In 1992, a wave of refugees from the war in Bosnia and Herzegovina reached Denmark. Among them, there was a 12-year-old boy named Vladimir Tomic, who fled Sarajevo together with his mother and older brother. He spent two years in a giant ship floating on the canals of Copenhagen, waiting for the decisions on their asylum applications. Now Tomic has finished an experimental documentary, using VHS tapes he and other refugees registered inside the aptly named ship Flotel Europa.
The refugee crisis has reached the stars. U2 frontman Bono Vox engaged in campaigns and said it is a “fallacy to consider the crisis temporary. (…) Some families have spent two generations – and some young people their entire lives – as refugees”. Actress, director and UN Goodwill Embassafor Angelina Jolie wrote the book ‘Notes from my Travels’ detailing her experiences in troubled regions. It is therefore natural Flotel Europe received plenty of attention in film festivals across Europe. In the last Berlinale, it received a Jury Special Mention; it won best documentary in Docufest, Prizren, Kosova; and best Balkan documentary award in Sarajevo Film Festival. After all, it is a register from a refugee, and not a mere journalistic piece.
The story is told by the oppressed people, which is an achievement per se. Although living in a ship in Denmark can be considered a luxury comparing to other refugee camps, the reality is that those 1,000 refugees were in a legal and social limbo. They had escaped genocide but they weren’t integrated of Danish society in the first two years. They were kept in the outskirts of the city, just like the brothels in old Pompey. Danish Red Cross organised activities in the ship, such as games, folkloric dance classes, Bosnian language classes to children, but still they couldn’t contribute to Danish society. Not until their papers were validated.
As time passed, Flotel Europa became a site of tension and division. Refugees realised that, in reality, little had evolved since they arrived. The boat was a hub for rats and insects, spreading disease. There was no attempt to integrate them with the society on land.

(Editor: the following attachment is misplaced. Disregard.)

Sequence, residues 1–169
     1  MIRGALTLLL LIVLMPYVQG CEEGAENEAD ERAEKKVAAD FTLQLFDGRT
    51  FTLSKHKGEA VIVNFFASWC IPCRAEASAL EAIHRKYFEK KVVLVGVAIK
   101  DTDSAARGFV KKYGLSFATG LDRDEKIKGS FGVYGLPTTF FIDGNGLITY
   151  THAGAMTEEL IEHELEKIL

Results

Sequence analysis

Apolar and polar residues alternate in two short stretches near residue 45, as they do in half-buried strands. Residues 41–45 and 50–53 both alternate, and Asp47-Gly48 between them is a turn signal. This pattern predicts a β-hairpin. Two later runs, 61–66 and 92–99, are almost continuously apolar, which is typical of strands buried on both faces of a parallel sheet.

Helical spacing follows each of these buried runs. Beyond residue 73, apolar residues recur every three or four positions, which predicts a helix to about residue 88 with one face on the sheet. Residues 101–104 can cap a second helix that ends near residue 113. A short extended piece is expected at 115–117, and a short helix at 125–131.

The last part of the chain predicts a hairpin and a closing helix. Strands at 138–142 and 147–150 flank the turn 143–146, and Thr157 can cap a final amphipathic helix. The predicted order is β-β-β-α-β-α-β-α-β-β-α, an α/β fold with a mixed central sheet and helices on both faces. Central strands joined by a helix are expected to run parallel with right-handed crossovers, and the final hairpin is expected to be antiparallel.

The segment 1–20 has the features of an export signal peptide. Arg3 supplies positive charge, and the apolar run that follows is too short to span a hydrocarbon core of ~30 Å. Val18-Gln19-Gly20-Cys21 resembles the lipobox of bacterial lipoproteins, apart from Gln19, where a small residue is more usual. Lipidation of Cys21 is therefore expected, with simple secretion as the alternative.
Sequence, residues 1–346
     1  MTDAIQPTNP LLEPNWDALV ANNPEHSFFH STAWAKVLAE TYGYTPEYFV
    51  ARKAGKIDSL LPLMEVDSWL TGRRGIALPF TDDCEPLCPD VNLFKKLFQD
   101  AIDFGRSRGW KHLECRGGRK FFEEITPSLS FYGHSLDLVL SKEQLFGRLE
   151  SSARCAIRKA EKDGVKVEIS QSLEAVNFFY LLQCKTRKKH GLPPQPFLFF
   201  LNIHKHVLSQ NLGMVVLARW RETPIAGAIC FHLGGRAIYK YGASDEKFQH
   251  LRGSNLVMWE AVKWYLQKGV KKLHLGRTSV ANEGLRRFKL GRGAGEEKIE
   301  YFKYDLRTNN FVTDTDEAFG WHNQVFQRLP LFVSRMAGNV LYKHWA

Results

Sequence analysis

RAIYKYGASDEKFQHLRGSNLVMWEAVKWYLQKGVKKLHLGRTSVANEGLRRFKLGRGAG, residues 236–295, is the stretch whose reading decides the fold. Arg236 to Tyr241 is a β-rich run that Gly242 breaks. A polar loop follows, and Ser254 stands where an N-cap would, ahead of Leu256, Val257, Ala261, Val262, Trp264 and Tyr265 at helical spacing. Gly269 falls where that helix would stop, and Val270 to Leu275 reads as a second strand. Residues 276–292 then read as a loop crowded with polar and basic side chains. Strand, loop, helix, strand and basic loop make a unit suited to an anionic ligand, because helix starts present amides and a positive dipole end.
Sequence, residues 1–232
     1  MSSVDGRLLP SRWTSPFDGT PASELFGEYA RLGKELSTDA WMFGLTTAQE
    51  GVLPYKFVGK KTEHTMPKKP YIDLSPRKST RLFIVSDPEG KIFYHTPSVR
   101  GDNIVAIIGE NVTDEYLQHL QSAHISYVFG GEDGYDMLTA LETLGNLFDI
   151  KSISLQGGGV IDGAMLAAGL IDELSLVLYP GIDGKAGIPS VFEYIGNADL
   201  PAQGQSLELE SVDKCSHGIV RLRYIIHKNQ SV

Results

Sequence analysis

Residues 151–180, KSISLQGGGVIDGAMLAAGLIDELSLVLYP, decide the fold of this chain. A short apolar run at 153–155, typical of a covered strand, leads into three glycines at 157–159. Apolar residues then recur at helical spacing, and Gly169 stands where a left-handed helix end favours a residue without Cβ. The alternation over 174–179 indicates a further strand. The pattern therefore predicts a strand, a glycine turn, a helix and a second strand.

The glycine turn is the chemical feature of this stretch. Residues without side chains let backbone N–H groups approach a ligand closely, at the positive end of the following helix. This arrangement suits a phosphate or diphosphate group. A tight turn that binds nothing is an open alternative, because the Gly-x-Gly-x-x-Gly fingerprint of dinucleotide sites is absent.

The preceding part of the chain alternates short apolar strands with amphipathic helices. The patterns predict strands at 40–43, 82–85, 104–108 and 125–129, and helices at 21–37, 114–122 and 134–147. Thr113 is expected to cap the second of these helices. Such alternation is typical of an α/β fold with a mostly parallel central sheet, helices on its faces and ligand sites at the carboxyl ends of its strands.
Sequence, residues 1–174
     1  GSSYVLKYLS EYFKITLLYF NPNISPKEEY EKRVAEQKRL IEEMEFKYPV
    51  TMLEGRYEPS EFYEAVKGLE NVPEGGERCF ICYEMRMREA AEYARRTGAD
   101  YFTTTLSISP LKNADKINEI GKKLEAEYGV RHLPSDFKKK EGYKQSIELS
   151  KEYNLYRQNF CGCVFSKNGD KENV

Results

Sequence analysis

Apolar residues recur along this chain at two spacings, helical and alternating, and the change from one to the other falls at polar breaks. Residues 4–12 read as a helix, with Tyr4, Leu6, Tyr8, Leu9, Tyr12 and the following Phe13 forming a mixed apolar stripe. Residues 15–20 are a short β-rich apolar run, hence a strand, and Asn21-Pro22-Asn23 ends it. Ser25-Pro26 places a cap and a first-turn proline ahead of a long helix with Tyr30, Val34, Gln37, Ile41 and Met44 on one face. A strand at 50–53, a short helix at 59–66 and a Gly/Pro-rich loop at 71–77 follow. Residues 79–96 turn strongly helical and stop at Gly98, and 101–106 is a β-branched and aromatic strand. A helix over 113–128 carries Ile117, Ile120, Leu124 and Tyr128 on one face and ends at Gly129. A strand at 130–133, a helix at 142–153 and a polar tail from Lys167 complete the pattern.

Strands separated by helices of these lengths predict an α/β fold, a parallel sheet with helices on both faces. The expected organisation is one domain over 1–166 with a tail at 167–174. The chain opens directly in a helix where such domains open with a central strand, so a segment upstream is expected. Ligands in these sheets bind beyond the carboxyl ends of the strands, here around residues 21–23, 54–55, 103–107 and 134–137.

They watched the news on TV and found out that the war was still going on and their relatives were been killed or disappeared. Some of the refugees threw the TV into the sea, which generated a meeting with Red Cross staff. The organisation decided to throw a party and invite the Danish for a tour of the boat. The result is a horrifying — yet sobering — clash, very similar to the tours to the Brazilian favelas for rich tourists who come to Rio. Poverty and depravity turn into a merchandise, and there were no improvements.
Besides from being a powerful register, the film is monotonous. It doesn’t explain who those refugees were and if audience has no knowledge about that war, they will remain oblivious to the subject throughout and after the film.
Tomic never mixes the past registers in VHS with more current images, and so many questions remain unanswered. What is the current situation of those refugees since? Did they stay in Denmark? Did they get back to their homes after the war finished? What is the legacy to the Danish society of receiving refugees? Flotel Europa is like a Polaroid picture in the form of a documentary: accurate, but with little depth. History still has to be treated, revealed, just like processing a film in old photo cameras.
This is not the first film made by refugees that DMovies has come across: find out more about a powerful initiative involving children in refugee camps in Iraq here.
Flotel Europa will be shown at Sheffield Doc/Fest on June 11th, followed by a Q&A. Click here for more details about the event and watch the film trailer below: